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Rise of AI related financial scams

Lately my phone has been ringing constantly with scams. Sometimes it’s the “CRA” threatening to throw me in jail if I don’t pay up fast. Sometimes it’s a special on duct cleaning. Sometimes it’s a “problem with a package delivery.” 

According to a TransUnion survey, the amount of suspected digital fraud attempts increased by 202% in Canada between 2019-2023. Sixty percent of Canadians surveyed said they’d been targeted by a fraud attempt, and 10% fell victim to the attempt, the report says.

Data from the Canadian Anti-Fraud Centre (CAFC) says that over 40,000 Canadians lost a total of $554 million to fraud in 2023 – and experts worry the problem is about to get much worse as artificial intelligence makes it easier for scammers to trick their victims.

The rise of AI

Artificial intelligence, or AI for short, has been in use for years, but primarily in the background and out of reach. 

In law enforcement, AI-driven facial recognition technology has revolutionized investigations, helping to track and identify suspects more efficiently. On social media and e-commerce platforms, personalized AI-driven recommendations have been used to make our online experiences more enjoyable and efficient. And in healthcare, AI has excelled at analyzing medical images like X-rays and MRI scans, supporting healthcare professionals in making more accurate diagnoses.

In the past few years, however, AI has found its way out of proprietary spaces and become much more commonly accessible. Just about every video calling app now allows you to change your appearance with face filters. Tools like Speechify can learn and mimic your voice. And the language model ChatGPT is so effective it stymied the academic community by successfully writing a thesis paper about itself.  

If it exists, scammers will use it

If you’re old enough to remember when email first gained popularity in the late 1990s, you probably remember getting one from “Bill Gates” promising to share his infinite wealth with you on the condition you forward his message to your entire contact list without delay. Of course this was a hoax, but so many people believed it that Gates and Microsoft both issued a public response debunking the claim.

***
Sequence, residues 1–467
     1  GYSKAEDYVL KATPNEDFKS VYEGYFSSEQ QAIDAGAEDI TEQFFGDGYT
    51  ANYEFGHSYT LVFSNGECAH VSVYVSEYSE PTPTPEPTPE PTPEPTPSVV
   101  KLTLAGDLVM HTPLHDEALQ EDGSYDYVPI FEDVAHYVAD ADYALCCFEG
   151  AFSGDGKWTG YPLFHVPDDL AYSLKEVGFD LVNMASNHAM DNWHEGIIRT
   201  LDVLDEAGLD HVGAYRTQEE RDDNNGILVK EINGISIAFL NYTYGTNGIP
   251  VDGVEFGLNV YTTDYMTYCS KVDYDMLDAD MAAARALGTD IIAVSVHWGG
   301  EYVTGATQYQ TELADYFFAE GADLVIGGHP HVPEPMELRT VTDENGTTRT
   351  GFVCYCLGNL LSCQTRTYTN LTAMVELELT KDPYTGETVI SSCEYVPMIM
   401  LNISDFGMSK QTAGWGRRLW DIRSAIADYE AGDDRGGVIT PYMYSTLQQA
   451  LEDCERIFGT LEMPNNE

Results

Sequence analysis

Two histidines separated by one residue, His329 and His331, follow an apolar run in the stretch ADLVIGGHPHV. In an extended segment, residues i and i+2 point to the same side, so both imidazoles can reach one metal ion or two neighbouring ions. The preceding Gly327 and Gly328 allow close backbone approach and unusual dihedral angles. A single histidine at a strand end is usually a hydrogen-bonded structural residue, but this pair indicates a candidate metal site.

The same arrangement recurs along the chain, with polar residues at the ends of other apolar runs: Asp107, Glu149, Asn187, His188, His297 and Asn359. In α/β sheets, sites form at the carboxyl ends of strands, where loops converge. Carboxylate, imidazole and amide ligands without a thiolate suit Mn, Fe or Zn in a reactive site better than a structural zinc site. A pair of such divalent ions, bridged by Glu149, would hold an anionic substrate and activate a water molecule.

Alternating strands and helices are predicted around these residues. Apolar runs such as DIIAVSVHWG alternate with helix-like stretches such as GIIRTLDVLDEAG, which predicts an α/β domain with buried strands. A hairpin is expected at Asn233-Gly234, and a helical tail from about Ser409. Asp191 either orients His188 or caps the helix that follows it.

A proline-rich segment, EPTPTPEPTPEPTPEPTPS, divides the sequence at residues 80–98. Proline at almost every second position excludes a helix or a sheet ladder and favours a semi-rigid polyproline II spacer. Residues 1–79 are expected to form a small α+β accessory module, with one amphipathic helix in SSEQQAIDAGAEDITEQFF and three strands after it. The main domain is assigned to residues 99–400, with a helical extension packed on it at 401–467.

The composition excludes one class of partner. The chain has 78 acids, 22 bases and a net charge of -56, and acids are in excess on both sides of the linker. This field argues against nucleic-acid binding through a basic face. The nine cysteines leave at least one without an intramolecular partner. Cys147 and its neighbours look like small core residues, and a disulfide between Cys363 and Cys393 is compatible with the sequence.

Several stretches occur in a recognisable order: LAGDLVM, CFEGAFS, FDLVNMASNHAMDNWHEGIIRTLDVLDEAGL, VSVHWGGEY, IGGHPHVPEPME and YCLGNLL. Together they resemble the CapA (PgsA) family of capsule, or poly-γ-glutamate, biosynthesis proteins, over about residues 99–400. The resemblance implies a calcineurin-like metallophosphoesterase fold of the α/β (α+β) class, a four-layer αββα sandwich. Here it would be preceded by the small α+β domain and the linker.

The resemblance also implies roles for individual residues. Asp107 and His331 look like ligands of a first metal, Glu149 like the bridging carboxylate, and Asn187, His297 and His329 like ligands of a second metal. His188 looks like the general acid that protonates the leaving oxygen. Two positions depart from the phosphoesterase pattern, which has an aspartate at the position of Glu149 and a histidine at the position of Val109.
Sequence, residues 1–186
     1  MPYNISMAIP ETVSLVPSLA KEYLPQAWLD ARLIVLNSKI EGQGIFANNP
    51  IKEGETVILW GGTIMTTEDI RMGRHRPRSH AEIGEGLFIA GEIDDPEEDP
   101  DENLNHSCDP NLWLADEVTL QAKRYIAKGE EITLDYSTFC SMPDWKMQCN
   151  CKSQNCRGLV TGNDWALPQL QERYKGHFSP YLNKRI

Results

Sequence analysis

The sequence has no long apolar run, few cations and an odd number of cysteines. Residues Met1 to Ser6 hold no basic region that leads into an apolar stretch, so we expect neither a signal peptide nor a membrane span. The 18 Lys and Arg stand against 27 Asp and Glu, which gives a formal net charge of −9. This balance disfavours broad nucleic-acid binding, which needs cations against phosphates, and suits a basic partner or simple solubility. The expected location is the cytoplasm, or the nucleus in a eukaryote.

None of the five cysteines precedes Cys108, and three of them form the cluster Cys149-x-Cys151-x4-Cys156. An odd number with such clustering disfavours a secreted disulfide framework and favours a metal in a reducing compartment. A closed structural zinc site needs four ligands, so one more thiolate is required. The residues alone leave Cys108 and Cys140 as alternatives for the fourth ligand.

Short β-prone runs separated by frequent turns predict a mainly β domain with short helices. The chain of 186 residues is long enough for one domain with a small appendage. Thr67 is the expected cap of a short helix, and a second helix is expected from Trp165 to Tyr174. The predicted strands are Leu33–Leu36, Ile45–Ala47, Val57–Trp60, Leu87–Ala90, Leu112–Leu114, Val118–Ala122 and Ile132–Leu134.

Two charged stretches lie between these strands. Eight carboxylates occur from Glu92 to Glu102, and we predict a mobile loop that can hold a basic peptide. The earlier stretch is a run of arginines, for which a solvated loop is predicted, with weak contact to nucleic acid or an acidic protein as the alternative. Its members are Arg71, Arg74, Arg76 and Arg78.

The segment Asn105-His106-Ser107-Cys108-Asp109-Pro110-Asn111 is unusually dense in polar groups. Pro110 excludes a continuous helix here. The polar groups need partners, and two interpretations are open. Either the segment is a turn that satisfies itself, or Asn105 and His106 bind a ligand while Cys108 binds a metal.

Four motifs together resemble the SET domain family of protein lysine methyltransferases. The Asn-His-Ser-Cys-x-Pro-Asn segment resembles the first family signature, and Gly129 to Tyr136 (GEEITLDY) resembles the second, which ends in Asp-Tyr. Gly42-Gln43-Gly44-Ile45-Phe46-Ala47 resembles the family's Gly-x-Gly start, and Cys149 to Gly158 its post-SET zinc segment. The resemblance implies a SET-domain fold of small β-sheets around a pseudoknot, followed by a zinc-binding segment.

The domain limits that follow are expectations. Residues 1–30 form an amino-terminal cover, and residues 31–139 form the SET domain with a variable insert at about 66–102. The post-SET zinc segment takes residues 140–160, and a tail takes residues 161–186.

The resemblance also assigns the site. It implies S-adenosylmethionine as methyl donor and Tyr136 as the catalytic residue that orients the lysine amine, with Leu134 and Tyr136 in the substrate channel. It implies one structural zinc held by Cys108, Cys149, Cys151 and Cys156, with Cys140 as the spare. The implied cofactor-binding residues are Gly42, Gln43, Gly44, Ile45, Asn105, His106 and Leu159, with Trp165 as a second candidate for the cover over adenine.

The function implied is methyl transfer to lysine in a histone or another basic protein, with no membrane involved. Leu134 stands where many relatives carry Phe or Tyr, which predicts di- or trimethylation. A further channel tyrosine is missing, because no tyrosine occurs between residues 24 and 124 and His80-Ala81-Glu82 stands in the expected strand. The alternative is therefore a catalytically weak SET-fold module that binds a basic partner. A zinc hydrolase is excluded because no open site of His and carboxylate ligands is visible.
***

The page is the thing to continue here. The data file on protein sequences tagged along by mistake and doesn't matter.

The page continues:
That particular hoax was relatively harmless, but its ubiquity proves an important point: people are keen to exploit your ignorance of new technologies. Commonly accessible AI tools make this trend even more dangerous as they can be used by scammers to impersonate people you trust. And if you think you’re smart enough to spot the difference, tell me which of the six preceding paragraphs was written not by me, but by AI.


How are people getting scammed with AI?

The scams are much the same at heart, but AI is putting a new twist on old flim flams, making them feel more real and harder to spot. Some scams that are becoming more common include:

The call from a "loved one"

The scariest AI scams to date involve using technology to imitate someone you know using voice cloning technology. This bit of social deception involves taking recordings of the person’s voice from videos posted on social media, feeding it to voice cloning software, and then having the AI pose as that person. They may claim to have been in a car crash, in jail, or even kidnapped, but the remedy is always a hurried infusion of cash.

In previous iterations of this scam, the call would come from someone claiming to be an involved third-party, like a police officer or lawyer. Now, even a call that sounds like someone you know and trust can potentially be an AI impersonation.

Scammers can also use this grift to impersonate you on calls to customer service. With enough personal information and your voice model, fraudsters can potentially withdraw money from your account or charge large purchases to you by having the AI give consent on your behalf.